Microsystem Technology (MST) and microassembly are now for more than 20 years an important topic in industry and research – especially for products and technologies on the small scales. Every year several congresses, conferences, and workshops are taking place worldwide to present news and discuss developments in this topics. Our latest participation and presentation at the International Workshop for Microfactories (IWMF) inspired us to give an overview of the different available events, which we took part in as well.
In our experience the discussions on the “smaller events,” in terms of participants and locations, were more interesting and fruitful as the bigger ones, as such as ICRA or IROS. Two reasons for that are the more focused group of participants sharing a more homogeneous interest and the more regional focus. A large difference can be recognized also within the participants, relating either to research or to industry. Fortunately, the percentage of industry representatives was increasing over the past years, at least for some of the events. This impression was in particular strong at the mikroMONTAGE congress. This supports the trend that microassembly builds up a strong standing in companies and is not any longer just a side topic.
Now we would briefly report on our experience of the IWMF this year, which was the second time for us to present our ideas and systems. In the 2014 event on Honolulu, Hawaii, USA, we presented already the prototype of the MiCROW-Pro and the very first developments. The very positive feedback we received lead to todays range of functionality of the MiCROW-Pro. The tenth anniversary edition of the International Workshop on Microfactories took place this year from September 13-15 at the Danish Technical University (DTU) in Kgs Lyngby, just north of Copenhagen, Denmark. In the meantime, we focused on the control of the MiCROW-Pro and that is why we presented a remote control solution via internet. Instead of relocating the whole machine, an operator needs only a gamepad and a Google Cardboard. A 3D model of the system is projected on the latter one, so that the operator can dive into the microassembly. With remote manufacturing only the parts and later the assembled systems have to be shipped, reducing the downtime and increasing the throughput and use of the MiCROW-Pro.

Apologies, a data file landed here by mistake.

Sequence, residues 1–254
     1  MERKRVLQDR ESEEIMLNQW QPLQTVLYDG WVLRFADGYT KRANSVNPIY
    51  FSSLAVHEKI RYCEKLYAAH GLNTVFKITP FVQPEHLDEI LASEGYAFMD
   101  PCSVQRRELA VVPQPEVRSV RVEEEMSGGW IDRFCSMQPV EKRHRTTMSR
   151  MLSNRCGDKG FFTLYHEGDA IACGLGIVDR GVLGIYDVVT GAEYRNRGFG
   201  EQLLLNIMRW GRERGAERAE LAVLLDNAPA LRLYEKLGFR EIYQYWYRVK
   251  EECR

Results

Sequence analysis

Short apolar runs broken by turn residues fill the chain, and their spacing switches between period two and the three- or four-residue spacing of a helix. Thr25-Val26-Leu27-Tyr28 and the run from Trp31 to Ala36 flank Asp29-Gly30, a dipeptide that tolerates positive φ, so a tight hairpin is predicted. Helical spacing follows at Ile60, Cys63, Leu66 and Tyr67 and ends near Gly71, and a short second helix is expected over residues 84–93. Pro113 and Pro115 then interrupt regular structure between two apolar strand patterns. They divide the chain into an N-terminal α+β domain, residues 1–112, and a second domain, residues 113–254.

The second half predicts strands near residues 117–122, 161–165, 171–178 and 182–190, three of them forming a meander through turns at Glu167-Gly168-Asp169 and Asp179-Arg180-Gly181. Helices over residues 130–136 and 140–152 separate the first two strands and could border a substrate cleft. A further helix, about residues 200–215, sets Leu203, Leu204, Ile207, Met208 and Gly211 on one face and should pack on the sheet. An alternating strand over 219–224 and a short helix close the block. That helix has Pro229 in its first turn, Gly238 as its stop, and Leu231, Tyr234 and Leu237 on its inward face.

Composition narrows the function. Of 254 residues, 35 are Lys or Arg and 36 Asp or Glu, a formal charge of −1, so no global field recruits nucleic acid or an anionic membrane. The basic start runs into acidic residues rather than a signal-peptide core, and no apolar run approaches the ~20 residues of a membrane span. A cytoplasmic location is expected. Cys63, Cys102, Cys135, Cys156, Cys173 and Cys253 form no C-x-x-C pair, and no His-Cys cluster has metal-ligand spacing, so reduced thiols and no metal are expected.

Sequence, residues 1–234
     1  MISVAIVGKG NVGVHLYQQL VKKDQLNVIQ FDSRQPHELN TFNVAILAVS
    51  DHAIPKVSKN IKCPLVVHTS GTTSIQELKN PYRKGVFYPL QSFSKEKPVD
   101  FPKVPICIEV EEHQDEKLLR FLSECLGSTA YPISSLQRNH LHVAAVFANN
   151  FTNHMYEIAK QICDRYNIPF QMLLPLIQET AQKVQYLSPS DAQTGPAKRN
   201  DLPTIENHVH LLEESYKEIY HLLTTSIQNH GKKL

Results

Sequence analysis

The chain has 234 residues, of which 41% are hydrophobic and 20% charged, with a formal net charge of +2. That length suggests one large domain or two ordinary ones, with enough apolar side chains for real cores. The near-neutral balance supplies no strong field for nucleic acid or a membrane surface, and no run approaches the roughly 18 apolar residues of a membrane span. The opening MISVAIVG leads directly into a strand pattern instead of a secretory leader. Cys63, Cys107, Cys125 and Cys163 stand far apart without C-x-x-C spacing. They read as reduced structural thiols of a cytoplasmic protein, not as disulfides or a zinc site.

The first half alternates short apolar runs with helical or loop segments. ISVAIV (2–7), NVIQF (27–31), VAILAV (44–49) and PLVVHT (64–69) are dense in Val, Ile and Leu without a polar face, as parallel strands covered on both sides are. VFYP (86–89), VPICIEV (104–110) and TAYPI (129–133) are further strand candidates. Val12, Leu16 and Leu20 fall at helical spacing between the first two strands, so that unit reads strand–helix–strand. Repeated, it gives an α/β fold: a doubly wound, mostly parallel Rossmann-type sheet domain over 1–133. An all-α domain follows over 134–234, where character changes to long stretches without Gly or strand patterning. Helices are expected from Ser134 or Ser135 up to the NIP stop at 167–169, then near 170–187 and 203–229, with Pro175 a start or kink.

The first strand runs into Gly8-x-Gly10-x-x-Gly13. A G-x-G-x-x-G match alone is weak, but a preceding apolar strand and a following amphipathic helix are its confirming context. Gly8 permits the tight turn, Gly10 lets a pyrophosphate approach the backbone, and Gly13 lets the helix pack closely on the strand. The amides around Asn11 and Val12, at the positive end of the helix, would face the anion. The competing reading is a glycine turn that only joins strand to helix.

Even if the need is not very high at the moment, this technology will help later to improve manufacturing, prototyping and small series production, and is therefore worth to be further developed. New markets will gain access to fast prototyping without the need to invest time and money into a huge machinery plant or expensive travels.
Are you interested in our materials from the workshop? Feel free to send an email to ed.wo1550339060rcim@1550339060ofni1550339060 inquiring our IWMF publication. We are always grateful for feedback and discussions on these topics, so you are welcome to get in touch with us.